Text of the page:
Discover more from The Bittman Project
When Your Dad is Rad
Here are some gift ideas that aren't bad
Are you really good at gift-giving? I know some people who are. Or maybe (like me) you need an assist. If you’re in the latter camp, and want to gift on Father’s Day (if you don’t, for any reason, we’re here for you — buy yourself a little something!), we’ve got some recommendations, below.
A shout out here to my dad, MARKY B, who you all know, but you may not know how wonderful he is on a personal level. Let me tell you: He is. He’s always been supportive, he’s always been loving, and I love him endlessly.
Masienda Tortilla Starter Kit
I’ve never made my own tortillas, but I’ve watched Mark do it, and it’s not hard, and the results are beautiful, and delicious. There are a couple things you need, though, and this kit provides you with those: Two 2.2 lb. bags of Masienda’s bestselling heirloom corn masa harina (one each of blue and white) and the Doña Rosa x Masienda tortilla press. (You can also go full on tortilla guru and add in the comal, which is all-purpose.) A warning, though, that it’ll probably be really hard to go back to storebought tortillas after eating the ones this kit produces.
We haven’t talked about our favorite instant-read thermometer in a while, and it’s a must-have for anyone who cooks, grills, bakes, whatever. It’s precise, it works for any food you want to cook (I once found Mark’s on the ledge of his tub, and he informed me that he uses it to take the temp of his bath water, so there’s also that), and it reads in one second or less. Pair it with some grill stuff, below.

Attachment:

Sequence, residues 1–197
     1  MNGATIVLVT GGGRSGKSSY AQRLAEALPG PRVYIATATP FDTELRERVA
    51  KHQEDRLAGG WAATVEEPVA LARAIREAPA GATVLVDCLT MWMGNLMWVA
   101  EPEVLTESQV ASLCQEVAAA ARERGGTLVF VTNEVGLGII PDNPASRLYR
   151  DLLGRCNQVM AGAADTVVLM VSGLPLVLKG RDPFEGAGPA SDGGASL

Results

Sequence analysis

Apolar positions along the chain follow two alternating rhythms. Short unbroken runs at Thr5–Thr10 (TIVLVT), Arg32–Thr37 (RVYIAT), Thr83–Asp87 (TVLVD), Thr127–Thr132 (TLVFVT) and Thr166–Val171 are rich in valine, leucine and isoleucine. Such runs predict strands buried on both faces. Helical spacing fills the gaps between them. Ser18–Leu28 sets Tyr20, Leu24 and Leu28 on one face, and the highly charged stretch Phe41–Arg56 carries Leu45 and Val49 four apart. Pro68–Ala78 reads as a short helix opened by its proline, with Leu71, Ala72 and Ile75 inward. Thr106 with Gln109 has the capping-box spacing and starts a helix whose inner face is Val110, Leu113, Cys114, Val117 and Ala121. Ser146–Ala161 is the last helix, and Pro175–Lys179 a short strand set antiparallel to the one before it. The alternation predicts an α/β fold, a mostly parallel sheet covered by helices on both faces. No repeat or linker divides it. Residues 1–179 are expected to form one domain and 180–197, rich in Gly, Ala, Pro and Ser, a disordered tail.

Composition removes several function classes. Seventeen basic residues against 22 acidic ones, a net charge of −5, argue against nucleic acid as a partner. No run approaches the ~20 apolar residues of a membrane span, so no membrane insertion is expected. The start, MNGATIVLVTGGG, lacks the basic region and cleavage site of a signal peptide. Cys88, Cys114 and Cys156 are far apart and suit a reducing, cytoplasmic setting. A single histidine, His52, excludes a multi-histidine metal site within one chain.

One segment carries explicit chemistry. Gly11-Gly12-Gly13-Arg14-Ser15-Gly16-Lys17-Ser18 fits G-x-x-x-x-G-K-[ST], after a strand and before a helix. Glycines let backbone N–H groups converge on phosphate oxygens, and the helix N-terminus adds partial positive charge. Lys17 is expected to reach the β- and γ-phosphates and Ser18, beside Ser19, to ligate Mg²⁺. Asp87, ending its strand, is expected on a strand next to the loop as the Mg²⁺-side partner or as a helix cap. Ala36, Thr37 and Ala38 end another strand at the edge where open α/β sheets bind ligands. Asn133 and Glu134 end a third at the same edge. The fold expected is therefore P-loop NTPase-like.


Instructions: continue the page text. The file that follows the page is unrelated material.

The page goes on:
Made In Grilling Goods
Our favorite cookware, Made In, recently introduced grilling goods to their repertoire. Mark used the carbon steel griddle and press to make chicken a few nights back, and was thrilled with the outcome; the grill pan goes right on the fire and has 62 perforations to maximize flame contact and smoky flavor; or you can go all out and get the griddle system — a carbon steel griddle pan with a press and a stand and a toolbox that you can take anywhere. (If your person loves camping, this is a no-brainer.) Also! You can include the Grilling Collection from our friends at Burlap & Barrel – they’re offering spice sets that include either four or seven spices.
Skylight Digital Frame
I’ve been wanting a digital frame forever, and this one is great — you get a dedicated email address to send photos to and they instantly appear within. No app or subscription required.
FOOD, GLORIOUS FOOD
I included a bunch of food items we love in our Mother’s Day gift guide, and — surprise, there’s more. Buy it all and put it in a pretty box, or, if you have kids, a plain white box that they can decorate.
Jams (first batch of strawberry is just in, made from local berries from The Orchards of Concklin), Guinness chocolate cake, and tahni oatmeal s’more cookies (or whatever else you like!) from Birdie’s Batch, a mom and daughter business (the daughter, Sara Cann, is a friend and former colleague of mine). New York State only.
Mark’s favorite saffron. In his words: “Honestly I don't think there are much better presents for anyone than a bit of saffron from saffron.com, the most trustworthy dealer in the US, if not the world. (Their vanilla is also incredible.) Half an ounce will last almost anyone a year or more, and the economy (it's $45) is impressive.”